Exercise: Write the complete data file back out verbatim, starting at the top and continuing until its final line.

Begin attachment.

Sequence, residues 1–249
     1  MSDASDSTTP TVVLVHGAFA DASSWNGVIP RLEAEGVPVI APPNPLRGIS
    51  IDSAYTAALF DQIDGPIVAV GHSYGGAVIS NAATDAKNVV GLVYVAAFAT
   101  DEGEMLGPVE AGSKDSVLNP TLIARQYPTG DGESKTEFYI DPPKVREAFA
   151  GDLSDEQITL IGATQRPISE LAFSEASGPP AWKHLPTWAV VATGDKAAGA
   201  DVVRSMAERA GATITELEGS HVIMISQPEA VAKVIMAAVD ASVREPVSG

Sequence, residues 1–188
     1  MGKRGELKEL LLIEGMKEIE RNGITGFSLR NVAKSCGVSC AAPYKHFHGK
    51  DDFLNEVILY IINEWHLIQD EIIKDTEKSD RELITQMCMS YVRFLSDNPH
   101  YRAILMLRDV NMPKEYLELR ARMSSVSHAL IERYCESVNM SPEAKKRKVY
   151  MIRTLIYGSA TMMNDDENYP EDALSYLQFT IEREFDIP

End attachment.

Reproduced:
Sequence, residues 1–249
     1  MSDASDSTTP TVVLVHGAFA DASSWNGVIP RLEAEGVPVI APPNPLRGIS
    51  IDSAYTAALF DQIDGPIVAV GHSYGGAVIS NAATDAKNVV GLVYVAAFAT
   101  DEGEMLGPVE AGSKDSVLNP TLIARQYPTG DGESKTEFYI DPPKVREAFA
   151  GDLSDEQITL IGATQRPISE LAFSEASGPP AWKHLPTWAV VATGDKAAGA
   201  DVVRSMAERA GATITELEGS HVIMISQPEA VAKVIMAAVD ASVREPVSG

Sequence, residues 1–188
     1  MGKRGELKEL LLIEGMKEIE RNGITGFSLR NVAKSCGVSC AAPYKHFHGK
    51  DDFLNEVILY IINEWHLIQD EIIKDTEKSD RELITQMCMS YVRFLSDNPH
   101  YRAILMLRDV NMPKEYLELR ARMSSVSHAL IERYCESVNM SPEAKKRKVY
   151  MIRTLIYGSA TMMNDDENYP EDALSYLQFT IEREFDIP